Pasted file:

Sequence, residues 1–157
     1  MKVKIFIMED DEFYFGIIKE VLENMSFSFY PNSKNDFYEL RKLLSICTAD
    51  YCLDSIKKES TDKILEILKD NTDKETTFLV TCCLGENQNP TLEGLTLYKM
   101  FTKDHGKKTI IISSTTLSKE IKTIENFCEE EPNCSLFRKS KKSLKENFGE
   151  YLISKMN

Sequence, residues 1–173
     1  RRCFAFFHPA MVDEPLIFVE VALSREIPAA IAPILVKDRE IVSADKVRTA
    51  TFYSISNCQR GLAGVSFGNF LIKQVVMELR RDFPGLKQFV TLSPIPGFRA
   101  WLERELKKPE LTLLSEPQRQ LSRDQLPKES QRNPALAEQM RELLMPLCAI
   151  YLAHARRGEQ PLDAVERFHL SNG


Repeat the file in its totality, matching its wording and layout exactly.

Sequence, residues 1–157
     1  MKVKIFIMED DEFYFGIIKE VLENMSFSFY PNSKNDFYEL RKLLSICTAD
    51  YCLDSIKKES TDKILEILKD NTDKETTFLV TCCLGENQNP TLEGLTLYKM
   101  FTKDHGKKTI IISSTTLSKE IKTIENFCEE EPNCSLFRKS KKSLKENFGE
   151  YLISKMN

Sequence, residues 1–173
     1  RRCFAFFHPA MVDEPLIFVE VALSREIPAA IAPILVKDRE IVSADKVRTA
    51  TFYSISNCQR GLAGVSFGNF LIKQVVMELR RDFPGLKQFV TLSPIPGFRA
   101  WLERELKKPE LTLLSEPQRQ LSRDQLPKES QRNPALAEQM RELLMPLCAI
   151  YLAHARRGEQ PLDAVERFHL SNG